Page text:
·         Media interviews – TV, Radio, etc. Being introduced by a reliable source as well as connecting a name with a face can be a valuable asset to you as a writer.
·         Newspaper - feature articles or as a guest columnist. Erma Bombeck developed a following as a columnist and propelled that into book sales with her book The Grass is Always Greener Over the Septic Tank. Nice springboard I’d say.
·         Proper placement – getting your book into the hands of trend setters or people who can propel your book sales. Andy Andrew was able to get The Butterfly Effect into the hands of Robin Roberts of Good Morning America. Robin brought his book to light and sales took off. Jack Canfield was able to get his book Chicken Soup for the Soul into the hands of the sequestered jury of the O. J. Simpson Trial. The worldwide coverage included the jury members coming and going from their hotel to court with his book in their arms.  
·         Screenwriter – getting your books into the hands of a screenwriter or better yet you become the screenwriter or partner with one to get your book on film. A movie is one of the most effective ways to get your book out there in front of people. If you notice the movie promotions which note “from the book” and the name of your book follows. Your book being promoted along with the movie is a big plus. Also the money you received from the sale of your script, working with or better yet being recognized as a screenwriter and the experience and knowledge you have gained are priceless.

Yes there are other ways that can propel your sales. You should always be looking for them and open to opportunities because you never know what will take you to the next level. Continue to seek out that “out of the park hit” but it isn’t necessary to leave your bread and butter while you do so.      


February 10, 2016

Research ~ for Contemporary Fiction?

By Ane Mulligan

When I worked on two different historical manuscripts, I did the research. In fact, I enjoyed it. But when I switched to contemporary novels, I didn't have to do as much, right? I mean, hey, I live in the present. I know we don't use dial phones or write hand-written letters anymore. So why do I need to worry about research?

Well, I can tell you why. Oy, can I tell you. The first time, after writing the fifty thousand plus words in my WIP, I neatly wrote myself into a corner. Can you say, "Yikes!"? It was the story that became my debut novel, and I wrote that the warm springs had cooled. But when I got to the part where my main character had to find a fix and began to look for one, I discovered my set-up was highly unlikely. Not impossible, but rather improbable. Fortunately, I managed—after groveling and whining—to find a geo-geek who introduced me to a geologist who helped me.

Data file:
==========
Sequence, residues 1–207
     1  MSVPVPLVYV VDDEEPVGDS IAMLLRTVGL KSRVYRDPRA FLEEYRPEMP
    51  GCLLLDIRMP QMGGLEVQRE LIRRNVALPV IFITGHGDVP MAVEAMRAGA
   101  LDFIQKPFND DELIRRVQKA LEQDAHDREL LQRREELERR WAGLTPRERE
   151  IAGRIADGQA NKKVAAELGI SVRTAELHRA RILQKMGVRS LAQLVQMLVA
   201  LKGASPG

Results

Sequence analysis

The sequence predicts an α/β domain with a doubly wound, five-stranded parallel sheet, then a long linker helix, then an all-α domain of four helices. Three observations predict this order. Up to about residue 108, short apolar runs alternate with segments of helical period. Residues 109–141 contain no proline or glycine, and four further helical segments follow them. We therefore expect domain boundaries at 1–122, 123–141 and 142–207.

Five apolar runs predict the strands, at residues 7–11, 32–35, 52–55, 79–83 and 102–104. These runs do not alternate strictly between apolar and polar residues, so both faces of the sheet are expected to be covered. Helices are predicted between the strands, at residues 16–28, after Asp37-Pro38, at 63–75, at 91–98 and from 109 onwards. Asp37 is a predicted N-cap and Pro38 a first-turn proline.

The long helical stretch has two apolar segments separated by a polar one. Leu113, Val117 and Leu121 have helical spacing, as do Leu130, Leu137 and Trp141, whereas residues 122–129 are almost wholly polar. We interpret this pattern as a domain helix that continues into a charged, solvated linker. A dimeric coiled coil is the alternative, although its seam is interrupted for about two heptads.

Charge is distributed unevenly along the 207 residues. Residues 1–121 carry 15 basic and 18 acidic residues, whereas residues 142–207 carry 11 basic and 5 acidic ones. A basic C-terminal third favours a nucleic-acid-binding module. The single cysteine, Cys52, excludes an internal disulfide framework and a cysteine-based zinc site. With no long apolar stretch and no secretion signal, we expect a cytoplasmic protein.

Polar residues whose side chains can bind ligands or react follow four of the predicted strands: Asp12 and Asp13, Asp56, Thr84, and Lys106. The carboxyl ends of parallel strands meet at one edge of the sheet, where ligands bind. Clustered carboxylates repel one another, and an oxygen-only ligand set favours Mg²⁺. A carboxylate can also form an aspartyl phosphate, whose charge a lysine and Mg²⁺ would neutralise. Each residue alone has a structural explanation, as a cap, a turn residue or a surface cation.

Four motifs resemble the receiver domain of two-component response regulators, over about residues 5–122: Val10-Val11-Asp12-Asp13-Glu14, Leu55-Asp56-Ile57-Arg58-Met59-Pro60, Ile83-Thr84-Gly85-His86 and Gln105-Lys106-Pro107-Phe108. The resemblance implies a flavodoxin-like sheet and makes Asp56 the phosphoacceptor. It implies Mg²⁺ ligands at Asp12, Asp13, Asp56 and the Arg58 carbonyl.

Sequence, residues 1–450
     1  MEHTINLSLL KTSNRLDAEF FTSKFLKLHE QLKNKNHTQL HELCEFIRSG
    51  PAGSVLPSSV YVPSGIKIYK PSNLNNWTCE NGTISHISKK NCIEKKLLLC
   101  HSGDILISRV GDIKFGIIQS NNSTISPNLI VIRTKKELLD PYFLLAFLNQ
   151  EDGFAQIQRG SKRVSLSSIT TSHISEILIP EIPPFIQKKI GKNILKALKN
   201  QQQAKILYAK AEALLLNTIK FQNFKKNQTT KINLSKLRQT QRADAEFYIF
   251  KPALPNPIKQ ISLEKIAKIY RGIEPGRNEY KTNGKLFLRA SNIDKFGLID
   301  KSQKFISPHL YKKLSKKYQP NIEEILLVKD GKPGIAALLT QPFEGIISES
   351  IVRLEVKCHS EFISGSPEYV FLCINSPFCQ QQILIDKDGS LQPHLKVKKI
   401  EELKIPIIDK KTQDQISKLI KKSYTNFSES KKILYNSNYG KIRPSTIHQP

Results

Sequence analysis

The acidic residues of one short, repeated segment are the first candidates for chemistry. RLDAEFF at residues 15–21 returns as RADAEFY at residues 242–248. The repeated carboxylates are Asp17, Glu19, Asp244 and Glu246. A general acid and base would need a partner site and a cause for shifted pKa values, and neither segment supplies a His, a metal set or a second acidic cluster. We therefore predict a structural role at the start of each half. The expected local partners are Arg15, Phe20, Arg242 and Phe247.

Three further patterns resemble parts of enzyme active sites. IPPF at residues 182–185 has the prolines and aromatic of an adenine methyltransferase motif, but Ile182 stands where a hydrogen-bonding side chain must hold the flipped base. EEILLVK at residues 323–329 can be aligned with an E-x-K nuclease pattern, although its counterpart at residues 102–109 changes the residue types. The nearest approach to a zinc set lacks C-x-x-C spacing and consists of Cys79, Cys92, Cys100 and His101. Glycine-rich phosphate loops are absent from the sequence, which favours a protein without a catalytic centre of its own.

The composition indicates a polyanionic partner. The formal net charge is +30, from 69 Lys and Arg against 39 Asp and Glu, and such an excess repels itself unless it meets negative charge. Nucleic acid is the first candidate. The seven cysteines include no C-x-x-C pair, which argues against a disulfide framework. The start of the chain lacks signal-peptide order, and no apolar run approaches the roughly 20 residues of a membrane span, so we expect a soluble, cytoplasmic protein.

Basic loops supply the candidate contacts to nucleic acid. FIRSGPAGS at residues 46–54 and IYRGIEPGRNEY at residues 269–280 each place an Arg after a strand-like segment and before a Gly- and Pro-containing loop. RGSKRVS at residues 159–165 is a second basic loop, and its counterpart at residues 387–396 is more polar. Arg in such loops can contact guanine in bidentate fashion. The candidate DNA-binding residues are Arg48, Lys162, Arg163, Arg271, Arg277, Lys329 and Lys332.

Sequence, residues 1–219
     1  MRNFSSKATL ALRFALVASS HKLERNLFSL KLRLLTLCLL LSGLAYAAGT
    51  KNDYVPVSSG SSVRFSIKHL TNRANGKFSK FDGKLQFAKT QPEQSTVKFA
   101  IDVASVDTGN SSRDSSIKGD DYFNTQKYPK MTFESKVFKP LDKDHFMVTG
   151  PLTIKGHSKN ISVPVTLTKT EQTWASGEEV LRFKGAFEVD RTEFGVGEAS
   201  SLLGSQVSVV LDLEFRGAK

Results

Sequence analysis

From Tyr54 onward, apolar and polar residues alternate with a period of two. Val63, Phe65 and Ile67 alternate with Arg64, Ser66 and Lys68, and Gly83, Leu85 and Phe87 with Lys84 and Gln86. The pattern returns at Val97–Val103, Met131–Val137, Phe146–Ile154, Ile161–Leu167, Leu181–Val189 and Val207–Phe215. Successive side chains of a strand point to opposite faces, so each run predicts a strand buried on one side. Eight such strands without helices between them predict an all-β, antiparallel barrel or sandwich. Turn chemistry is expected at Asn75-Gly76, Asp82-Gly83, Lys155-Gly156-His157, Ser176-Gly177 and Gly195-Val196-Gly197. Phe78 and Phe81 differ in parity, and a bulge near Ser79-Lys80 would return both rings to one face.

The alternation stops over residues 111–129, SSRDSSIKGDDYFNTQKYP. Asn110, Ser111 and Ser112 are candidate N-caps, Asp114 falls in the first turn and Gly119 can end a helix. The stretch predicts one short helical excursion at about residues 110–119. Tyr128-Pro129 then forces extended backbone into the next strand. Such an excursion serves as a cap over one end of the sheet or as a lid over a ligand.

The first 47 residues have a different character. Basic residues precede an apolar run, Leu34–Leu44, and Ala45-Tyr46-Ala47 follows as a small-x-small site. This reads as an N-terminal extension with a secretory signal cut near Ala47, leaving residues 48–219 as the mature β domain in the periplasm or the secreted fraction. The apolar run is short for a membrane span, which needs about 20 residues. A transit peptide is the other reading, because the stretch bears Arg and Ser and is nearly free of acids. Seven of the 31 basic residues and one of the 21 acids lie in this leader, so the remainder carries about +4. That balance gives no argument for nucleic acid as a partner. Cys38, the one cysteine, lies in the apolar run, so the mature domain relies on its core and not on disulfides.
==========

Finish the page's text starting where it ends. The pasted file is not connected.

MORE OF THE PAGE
But think of the time—not to mention headaches—I could have saved had I researched it first. But did I learn from that mistake? No, it took another near disaster. You know the kind: the ones that make readers send you letters, telling you you're an idiot.

And so I confess there was another. It was in my sophomore novel and involved a new car. I chose one I figured a mid-twenties dude would buy. Now, I had done some research on it, but not enough. Because I had him purchasing a brand spanking new car … a model that had been discontinued several years ago. All I can say is thank goodness for knowledgeable beta readers.

But I sure learned my lesson. There's more to this gig than writing a story. To make it real, we still need to do the research … prior to writing. Even for contemporary novels.
While a large, floppy straw hat is her favorite, bestselling novelist Ane Mulligan has worn many: hairdresser, legislative affairs director (that's a fancy name for a lobbyist), drama director, playwright, humor columnist, and novelist. Her lifetime experience provides a plethora of fodder for her Southern-fried fiction. She firmly believes coffee and chocolate are two of the four major food groups. President of the award-winning literary site, Novel Rocket, Ane resides in Suwanee, GA, with her artist husband, her chef son, and a dog of Biblical proportion. You can find Ane on her Southern-fried Fiction website, Google+, Facebook, Goodreads, Twitter, and Pinterest.